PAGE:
Nick began consuming alcohol and smoking marijuana in his mid-teens, but it was the six prescriptions of pain medication following numerous surgeries that ultimately ignited cravings for increased potency.
“I had biopsy surgery,” he said. “One day I took two pills instead of one and, man, I felt great. So, I continued that and then started taking them more often.”
In “no time” Nick was strung out on opiates. Lortab gave way to Oxycontin which he took orally until he unlocked the door of the intravenous high.
“It got crazy,” he said. “I stole checks from my parents and got sent to the methadone clinic.”
Nick then shifted his focus to Suboxone and Benzodiazepine, which were prescribed to help combat the chemical dependency and to cope with his anxiety. But soon he was in and out of psychiatric wards, had been charged with repeated DUIs and even public intoxication.
“I had lost control and it was debilitating. It was complete hell and agony, but I couldn’t stop.”
Nick did find sobriety through mandatory treatment and within a year had even worked his way into a management position at a popular restaurant chain. But the rungs in his ladder of success collapsed after a decision he made during a chance encounter with an old companion.
“The woman who used to sell me opiates walked in one day to order food,” he said. “She saw me and asked if I wanted to buy some methadone. So, I went across the street and cashed my paycheck.”
Oxycontin quickly reclaimed the status of his drug of choice, but when the supply eventually ran out, his appetite shifted to methamphetamines.
Nick developed a clever plan to ensure the uninterrupted flow of the expensive drug into his system for a fraction of the usual cost. He also became fascinated by the chemistry in the development process and began assisting in the production of the dangerous stimulant.
For nearly eight years Nick maintained this lifestyle before a manufacturing charge wrecked his world. Faced with prison time, he turned to drug court – a program that would wipe his record clean if successfully completed.
For 18 months Nick never touched an illegal substance, despite spending time with people who were actively using. While his strength to resist the temptation left many in his friend circle in awe, the willpower lasted only as long as required. The same day he graduated the program, Nick gave in to his cravings.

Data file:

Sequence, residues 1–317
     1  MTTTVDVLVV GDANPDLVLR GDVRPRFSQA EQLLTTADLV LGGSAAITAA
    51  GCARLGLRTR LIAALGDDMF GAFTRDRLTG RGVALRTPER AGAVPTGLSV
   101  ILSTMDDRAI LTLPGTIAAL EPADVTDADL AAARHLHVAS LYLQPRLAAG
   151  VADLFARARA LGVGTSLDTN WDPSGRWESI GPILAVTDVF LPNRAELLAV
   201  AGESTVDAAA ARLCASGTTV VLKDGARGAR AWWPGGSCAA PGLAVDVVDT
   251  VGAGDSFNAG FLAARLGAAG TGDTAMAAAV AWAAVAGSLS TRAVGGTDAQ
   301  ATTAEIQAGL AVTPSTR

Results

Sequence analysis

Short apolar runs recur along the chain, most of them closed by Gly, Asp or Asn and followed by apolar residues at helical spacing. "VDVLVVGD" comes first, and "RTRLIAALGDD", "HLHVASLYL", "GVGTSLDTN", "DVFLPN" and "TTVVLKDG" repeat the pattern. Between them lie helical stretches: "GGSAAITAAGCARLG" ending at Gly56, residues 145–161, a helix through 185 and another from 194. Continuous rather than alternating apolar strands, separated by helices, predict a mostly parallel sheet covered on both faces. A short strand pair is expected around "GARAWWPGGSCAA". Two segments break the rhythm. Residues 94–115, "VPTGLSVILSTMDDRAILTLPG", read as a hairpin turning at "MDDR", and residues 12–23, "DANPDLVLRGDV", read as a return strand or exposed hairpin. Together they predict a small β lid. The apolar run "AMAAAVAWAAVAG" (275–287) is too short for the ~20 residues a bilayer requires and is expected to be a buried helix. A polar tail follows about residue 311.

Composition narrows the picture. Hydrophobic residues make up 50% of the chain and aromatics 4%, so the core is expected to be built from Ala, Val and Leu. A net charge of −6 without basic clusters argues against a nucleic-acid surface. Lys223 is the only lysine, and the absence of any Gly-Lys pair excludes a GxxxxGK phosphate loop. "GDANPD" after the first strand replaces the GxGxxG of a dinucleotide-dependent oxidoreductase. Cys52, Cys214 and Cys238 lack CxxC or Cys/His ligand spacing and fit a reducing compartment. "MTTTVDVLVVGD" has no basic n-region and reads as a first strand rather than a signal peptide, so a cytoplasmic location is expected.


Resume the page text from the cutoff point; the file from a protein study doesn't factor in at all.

“As soon as I got my certificate, I went into the bathroom and ate pain pills and washed ‘em down with sink water,” he recalled. “Later that night I hit a meth pipe for about an hour straight until I couldn’t hardly walk.”
The three years that ensued were the darkest of his life. Nick lost his job almost immediately and he began hearing voices, blacking out and becoming violent with those he loved while high. He was also in and out of treatment programs and constantly at odds with law enforcement.
“I ended up back in front of a judge,” he said. “I was told I had to go to treatment to avoid prison. I knew a guy who’d come through Royal Pines so I sat in jail for a month waiting to get in. It was hard, but good, because I saw what it would be like if things didn’t change. I was on the floor in the cell one night and prayed, ‘God, I need you to do something. I can’t live like this.”
“I realized that I would either die or end up in prison.”
For the first time in his life, Nick genuinely wanted to change. “That’s what’s so special about this place; it’ll give you every opportunity to change,” he said excitedly. “I was in other places, but never saw an option for a better life. The Pines offers you that.”
Nick is now a resident assistant at Royal Pines and has earned an associate’s degree in psychology from Bevel State Community College. He is working toward his drug counselor certification and hopes to help others who are struggling as he did. “I like this,” he said reflecting on his work at the facility. “It’s hard and there’s a lot of sadness, but to me, it’s not a losing battle.”
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